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Tuesday, 21 May 2013 15:54

Analysts caution EAC on Brics bank

Written by Rosemary Mirondo

Dar es Salaam. While financial experts are optimistic of the Brics initiative to set up a bank that will lead to less rigid lending conditions, others fear that it will open doors for the institution to tap into Africa’s resources.

The bank would have access to a huge and growing market, though the power struggle between the nations involved could lead to difficulties. China holds vast foreign exchange reserves and is likely to be, in some manner or other, the dominant player in the Brics bank.

The financial analyst for Serengeti Advisors Ltd, Mr Hamim Gwiyama, says that African countries should be wary of such banks or economic groupings because they come with their own objectives.

“Such groupings either have intrinsic or extrinsic objectives that will benefit poor countries but mostly tap into untouched resources in African countries,” he says. Leaders of Brics nations Brazil, Russia, India, China and South Africa made the decision to create the new bank at their meeting in Durban last month.

The Brics nations were still unable to settle the location or structure of the bank, which will initially focus on infrastructure and development projects. They also refused to say whether the long mooted Sh79 trillion ($50billion) seed capital plan would be approved.

Mr Gwiyama notes that Brics’ intrinsic objective may be to support infrastructure of untapped natural resources that have emerged abundantly in African countries.

In East Africa such countries include Tanzania which has discovered gas and Kenya and Uganda which have recently found oil deposits.

“Am sure they will issue loans with less rigid conditions, which will make us embrace them. However, in the long run it will only open doors for them to tap into our untouched resources,” he said.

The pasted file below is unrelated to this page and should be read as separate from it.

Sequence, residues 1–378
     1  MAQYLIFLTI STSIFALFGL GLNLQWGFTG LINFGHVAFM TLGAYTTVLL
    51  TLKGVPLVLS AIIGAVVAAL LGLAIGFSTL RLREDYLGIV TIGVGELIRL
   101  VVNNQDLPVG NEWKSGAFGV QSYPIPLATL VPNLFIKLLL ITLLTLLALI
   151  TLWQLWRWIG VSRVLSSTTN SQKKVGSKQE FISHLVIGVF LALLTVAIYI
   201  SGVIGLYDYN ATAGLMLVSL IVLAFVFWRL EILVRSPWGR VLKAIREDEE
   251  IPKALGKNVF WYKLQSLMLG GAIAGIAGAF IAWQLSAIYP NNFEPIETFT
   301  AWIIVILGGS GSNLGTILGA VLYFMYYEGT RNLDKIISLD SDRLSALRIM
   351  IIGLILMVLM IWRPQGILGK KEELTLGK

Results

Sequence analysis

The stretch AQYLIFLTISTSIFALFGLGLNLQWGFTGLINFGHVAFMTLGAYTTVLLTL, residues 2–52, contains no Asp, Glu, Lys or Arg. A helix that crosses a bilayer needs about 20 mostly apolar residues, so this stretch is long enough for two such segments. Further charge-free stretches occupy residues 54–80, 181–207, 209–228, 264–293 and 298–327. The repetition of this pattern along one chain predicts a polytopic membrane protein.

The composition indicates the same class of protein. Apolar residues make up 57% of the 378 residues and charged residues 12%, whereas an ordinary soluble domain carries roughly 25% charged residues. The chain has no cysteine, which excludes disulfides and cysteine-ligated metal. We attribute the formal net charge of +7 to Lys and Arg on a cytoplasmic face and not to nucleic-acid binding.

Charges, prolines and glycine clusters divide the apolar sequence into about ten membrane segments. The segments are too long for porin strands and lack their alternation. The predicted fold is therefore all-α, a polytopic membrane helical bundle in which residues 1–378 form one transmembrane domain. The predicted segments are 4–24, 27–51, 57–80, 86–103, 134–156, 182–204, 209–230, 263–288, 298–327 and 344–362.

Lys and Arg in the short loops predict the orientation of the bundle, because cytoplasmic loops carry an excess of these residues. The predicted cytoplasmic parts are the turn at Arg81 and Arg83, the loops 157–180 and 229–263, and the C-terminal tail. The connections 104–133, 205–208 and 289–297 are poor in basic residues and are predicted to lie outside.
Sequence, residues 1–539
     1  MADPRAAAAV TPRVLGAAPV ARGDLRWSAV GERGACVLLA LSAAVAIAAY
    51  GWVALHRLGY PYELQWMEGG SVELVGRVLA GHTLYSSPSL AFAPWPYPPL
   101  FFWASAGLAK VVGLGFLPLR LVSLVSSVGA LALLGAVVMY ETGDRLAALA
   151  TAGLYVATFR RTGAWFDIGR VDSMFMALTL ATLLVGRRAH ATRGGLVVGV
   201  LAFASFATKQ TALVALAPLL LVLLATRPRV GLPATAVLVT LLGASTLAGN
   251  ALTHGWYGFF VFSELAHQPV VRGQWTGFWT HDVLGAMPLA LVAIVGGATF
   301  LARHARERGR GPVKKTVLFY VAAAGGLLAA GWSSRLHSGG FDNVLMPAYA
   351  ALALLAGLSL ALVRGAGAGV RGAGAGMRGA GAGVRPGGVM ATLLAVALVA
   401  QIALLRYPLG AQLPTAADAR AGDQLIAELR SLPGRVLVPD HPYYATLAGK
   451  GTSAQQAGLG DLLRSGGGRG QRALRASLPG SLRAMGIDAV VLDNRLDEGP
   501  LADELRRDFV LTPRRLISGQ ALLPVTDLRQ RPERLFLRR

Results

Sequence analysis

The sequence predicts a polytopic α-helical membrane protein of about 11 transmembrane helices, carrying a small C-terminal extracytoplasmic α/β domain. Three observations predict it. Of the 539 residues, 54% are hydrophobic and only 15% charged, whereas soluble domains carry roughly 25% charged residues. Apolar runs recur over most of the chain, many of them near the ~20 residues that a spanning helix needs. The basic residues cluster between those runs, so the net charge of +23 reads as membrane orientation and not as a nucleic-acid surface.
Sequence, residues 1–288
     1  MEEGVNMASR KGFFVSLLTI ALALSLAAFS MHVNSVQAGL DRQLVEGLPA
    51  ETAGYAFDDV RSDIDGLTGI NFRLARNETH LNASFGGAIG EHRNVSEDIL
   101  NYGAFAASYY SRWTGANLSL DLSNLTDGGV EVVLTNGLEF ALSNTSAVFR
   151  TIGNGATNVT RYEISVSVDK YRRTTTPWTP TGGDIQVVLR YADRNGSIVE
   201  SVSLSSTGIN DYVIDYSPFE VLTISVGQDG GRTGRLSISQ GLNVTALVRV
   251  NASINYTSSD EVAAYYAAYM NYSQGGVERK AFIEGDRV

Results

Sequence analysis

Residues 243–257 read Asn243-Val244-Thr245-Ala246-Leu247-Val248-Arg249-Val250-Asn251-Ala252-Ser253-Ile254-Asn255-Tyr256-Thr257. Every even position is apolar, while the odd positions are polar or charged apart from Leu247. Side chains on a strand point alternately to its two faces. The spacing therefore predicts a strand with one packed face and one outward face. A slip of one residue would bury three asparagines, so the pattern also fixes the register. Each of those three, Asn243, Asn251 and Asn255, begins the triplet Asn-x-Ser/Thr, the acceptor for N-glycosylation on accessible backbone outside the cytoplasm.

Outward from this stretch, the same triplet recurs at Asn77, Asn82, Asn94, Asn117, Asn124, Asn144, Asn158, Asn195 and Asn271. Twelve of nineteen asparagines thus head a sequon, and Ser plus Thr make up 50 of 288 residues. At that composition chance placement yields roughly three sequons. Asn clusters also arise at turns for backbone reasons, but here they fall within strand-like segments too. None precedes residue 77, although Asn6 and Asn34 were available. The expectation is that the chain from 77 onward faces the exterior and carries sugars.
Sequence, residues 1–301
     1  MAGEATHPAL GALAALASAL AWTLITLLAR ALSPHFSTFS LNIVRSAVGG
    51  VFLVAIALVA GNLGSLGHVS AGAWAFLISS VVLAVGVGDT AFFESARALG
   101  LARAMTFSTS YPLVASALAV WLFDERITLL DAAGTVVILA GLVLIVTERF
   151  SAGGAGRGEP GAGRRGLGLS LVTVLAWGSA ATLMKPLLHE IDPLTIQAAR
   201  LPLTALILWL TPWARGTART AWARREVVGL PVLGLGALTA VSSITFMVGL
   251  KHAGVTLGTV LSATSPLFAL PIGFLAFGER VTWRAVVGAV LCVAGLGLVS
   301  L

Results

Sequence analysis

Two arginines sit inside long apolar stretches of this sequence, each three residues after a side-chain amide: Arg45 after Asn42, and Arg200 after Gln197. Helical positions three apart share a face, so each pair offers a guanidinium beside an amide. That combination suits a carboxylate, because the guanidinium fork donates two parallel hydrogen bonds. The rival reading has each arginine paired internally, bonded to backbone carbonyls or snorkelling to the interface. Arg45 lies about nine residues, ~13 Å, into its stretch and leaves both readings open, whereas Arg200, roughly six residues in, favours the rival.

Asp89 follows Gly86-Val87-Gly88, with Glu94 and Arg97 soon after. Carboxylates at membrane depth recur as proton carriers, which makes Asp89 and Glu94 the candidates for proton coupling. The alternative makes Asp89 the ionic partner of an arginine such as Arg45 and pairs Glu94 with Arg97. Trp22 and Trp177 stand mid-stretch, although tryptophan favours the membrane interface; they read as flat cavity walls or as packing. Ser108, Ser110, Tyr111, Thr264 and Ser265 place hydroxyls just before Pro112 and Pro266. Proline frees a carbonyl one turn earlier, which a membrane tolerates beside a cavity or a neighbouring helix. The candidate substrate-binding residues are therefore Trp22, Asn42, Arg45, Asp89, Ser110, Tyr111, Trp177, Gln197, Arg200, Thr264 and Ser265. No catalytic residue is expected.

He calls on the East African Community (EAC) to forge a strong economic union that would enable it to control its own resources and market.

According to him, the EAC should concentrate on building greater negotiation powers with such groupings rather than continuing to depend on them to fund its economy. He warns that such dependence ultimately leads to countries remaining poor.

He notes that Brics is a member of the World Bank and the International Monetary Fund (IMF) and therefore its initiatives would not make a huge difference because they are all governed by the world’s financial system and must, therefore, conform to the rules.

World Bank communication officer Loy Nabeta says the bank welcomes the establishment of a Brics development bank and is ready to work closely with it to end poverty and build shared prosperity throughout the developing world.

She says that the World Bank Group already works with all Brics countries by sharing their knowledge and making available financial resources.

According to her, a major part of the World Bank’s strategy is to partner with regional development banks, non-governmental organisations, civil society groups as well as national development banks to enhance the effectiveness of their collective work.

“We anticipate that the new Brics bank will be an invaluable partner in this effort. Clearly, the Brics countries have a key role to play in helping promote global growth,” she said.

“One of the driving forces behind the development of the Brics bank is the desire to increase investment in infrastructure. The World Bank shares this concern,” she said.

Economic researcher and University of Dar es Salaam don, Dr Haji Semboja, says the Brics bank will increase windows for access to finance depending on loan and credit facilities.

According to him, Tanzania will benefit from the initiative because the country will access loans for untapped resources that it has in abundance while also acquiring discipline on commercial facilities.

“The proposed Brics development bank represents an important new situation that has the potential to further circumscribe their influence,” he says.

However, the details of how the Brics bank is governed and how it will operate remain unclear. What is even uncertain is the amount of initial capitalization, with various sums of money being bandied about.

It will certainly be some years before the bank is operational, but in the long term it could have a significant impact.

A consultant in economics and business at Mzumbe University, Dr Honest Ngowi, says it is an alternative to development finance for African countries, which depends only on the World Bank and IMF.

He said that the Brics bank will finance infrastructure with flexible conditions thereby improving arrangements that are a huge hindrance for developing countries.

“The Brics bank might also enable the World Bank to relax its terms as it will have more competition,” he said.

This article was originally published by The Citizen

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